O'Connell has faith in Penney blueprint
Paul O'Connell's impeccable record of achievement was manifest in the most meaningful way this week when his team-mates all spoke gushingly about the influence he has been having on the team since his return.
O'Connell's presence engenders an almost serene atmosphere on the Munster camp. Of more importance, though, is the influence he is having on the way Munster are playing.
Coach Rob Penney has maintained throughout the season that he wants his team to be able to play a mixture of the wide game he is championing and the traditional forward-orientated game that has yielded so much success over the years.
It wasn't a coincidence, however, that Munster finally married the two to near perfection for 50 minutes when O'Connell made his return to the starting team against Connacht on Saturday night.
The 33-year-old former Lions captain laughed off the exaggerated words of praise that have been raining down on him over the last couple of days.
"Ah, it's nice to be well thought of," he said, his cheeks reddening with embarrassment. "We got a good result on the day I came back, but I wouldn't read too much into it.
"From my experience of being one of the young players in a squad when experienced players came back into the side, it always gave the side a lift.
"I remember going to the 2003 World Cup having not played with Keith Wood for a long time and just to have him around the place was great.
"Any player coming back in the middle of the season always gives the team a lift. It's a different voice for them. They've had plenty of players and leaders, but I've come in, I'm a different voice and it freshens things up a bit."
It's true also that O'Connell is fresh himself after his lay-off. The nature of his injury – back surgery – was such that the only rehab he could engage in for the first number of weeks was complete rest to maximise the benefit of his surgery.
As a consequence, he cuts a remarkably vigorous figure. O'Connell admitted he was "blowing" a little after playing the full 80 minutes against Connacht on Saturday night. The stiffness also bled into Sunday morning, but a swim worked wonders.
He now has a voracious hunger for rugby. Ironically, this season could be the first time since the introduction of the semi-final play-offs that Munster don't qualify for the last four.
"It would be very frustrating not to make it this year of all years. I just want to play as many games up to the summer break and see what happens.
"We just have to go over now and get the result against Glasgow on Friday night to give ourselves the opportunity. We have four games left in the Pro12 and we have to get four wins and something else from it.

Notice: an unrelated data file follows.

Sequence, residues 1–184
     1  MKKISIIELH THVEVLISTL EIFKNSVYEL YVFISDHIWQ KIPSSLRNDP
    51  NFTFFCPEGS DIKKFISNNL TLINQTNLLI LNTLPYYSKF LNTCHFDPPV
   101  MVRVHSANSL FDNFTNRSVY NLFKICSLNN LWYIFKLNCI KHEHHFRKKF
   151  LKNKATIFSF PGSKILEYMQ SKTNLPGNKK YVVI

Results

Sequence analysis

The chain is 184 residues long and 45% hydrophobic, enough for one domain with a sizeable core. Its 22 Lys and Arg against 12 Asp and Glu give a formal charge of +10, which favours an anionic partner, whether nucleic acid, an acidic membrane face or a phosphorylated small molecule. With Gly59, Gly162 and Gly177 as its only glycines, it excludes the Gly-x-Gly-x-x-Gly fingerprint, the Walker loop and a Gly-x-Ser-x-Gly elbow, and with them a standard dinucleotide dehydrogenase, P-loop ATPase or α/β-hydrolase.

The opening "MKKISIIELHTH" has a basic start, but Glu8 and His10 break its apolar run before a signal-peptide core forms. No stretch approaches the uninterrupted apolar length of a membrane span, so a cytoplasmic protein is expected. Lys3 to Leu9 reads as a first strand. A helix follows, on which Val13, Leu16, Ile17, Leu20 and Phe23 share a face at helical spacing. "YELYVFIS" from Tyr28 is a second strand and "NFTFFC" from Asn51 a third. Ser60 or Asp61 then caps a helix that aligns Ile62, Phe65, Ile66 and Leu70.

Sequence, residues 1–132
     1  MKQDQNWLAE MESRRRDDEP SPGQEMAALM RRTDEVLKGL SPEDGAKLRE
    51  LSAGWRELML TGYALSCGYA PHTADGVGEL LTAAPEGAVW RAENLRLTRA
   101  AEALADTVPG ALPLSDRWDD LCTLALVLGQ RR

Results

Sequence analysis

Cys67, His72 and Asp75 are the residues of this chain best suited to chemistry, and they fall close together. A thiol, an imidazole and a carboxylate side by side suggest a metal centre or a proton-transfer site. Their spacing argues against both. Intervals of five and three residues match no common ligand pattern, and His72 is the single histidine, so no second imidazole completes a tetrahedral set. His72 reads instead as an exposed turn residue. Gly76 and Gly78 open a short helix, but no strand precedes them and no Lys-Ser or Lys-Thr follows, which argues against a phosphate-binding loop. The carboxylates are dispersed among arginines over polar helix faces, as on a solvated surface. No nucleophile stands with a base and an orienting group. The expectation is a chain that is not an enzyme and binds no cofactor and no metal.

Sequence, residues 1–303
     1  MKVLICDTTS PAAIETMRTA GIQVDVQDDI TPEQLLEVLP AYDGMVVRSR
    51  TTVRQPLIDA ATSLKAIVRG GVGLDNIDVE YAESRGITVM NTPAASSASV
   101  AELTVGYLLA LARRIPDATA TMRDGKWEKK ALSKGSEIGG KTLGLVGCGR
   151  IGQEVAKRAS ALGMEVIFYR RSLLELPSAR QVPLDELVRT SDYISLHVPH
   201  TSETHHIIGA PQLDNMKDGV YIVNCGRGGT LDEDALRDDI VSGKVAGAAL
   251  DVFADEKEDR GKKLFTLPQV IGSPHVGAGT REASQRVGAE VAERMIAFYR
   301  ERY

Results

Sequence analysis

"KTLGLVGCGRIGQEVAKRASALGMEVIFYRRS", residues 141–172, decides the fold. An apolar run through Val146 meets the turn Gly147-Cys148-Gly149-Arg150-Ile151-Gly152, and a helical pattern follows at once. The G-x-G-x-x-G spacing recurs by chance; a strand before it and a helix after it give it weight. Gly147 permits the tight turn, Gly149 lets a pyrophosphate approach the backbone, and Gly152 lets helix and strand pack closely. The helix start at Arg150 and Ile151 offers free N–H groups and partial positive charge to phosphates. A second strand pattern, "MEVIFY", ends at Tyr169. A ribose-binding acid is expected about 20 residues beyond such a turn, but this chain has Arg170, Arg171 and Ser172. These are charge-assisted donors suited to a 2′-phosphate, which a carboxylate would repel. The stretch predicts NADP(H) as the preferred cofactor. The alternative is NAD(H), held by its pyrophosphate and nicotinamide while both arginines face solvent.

"If we do that we have a chance, although it is in somebody else's hands in a sense, but that's the best we can do."
The suggestion that Munster's performances this season have vacillated wildly from the sublime to the ridiculous because of the perceived view that the Penney approach and the traditional Munster game have been at loggerheads is dismissed by O'Connell.
He believes it has simply been a case of the players becoming comfortable and confident with the mixture.
"It's never a good plan to move away from what works for you and I don't think that's what Rob's trying to do at all," he said. "There's absolutely no way we can't remain true to our own values, playing a tight hard physical game within the framework, and he's been adamant about that since day one.
"At times we haven't taken that on ourselves as players, but you ask any of the players, they all really enjoy playing this way. And there are opportunities to play it both ways, which I think you saw at the weekend."
It has, however, been hinted that O'Connell has had an influence, that the increased directness of Munster's play on Saturday night came at his insistence. He didn't lend credence to the theory. For him there's a far more logical explanation for the improved display.
"It doesn't matter what game plan you play, if you don't retain the ball you relieve the pressure on the opposition.
"I've been in teams under Tony (McGahan) and Declan (Kidney) in the last few years and when you turn over ball it doesn't matter how you play.
"I think it was more simply a case that we probably weren't playing well at times. If you are running into touch or you are dropping balls you are going to put yourself under pressure.
"At times it was that simple. We weren't playing well and people blamed the game plan for some reason. I don't think that was the case," he added.
It is clear O'Connell is on a mission to make up for lost time. His season has been a washout until this moment. The measure of the challenge facing Munster and O'Connell cannot be underestimated. It is, for example, unlikely they will qualify for the league play-offs.
With a competitor of O'Connell's standing, though, sometimes the challenge is all the invitation needed to buck the odds.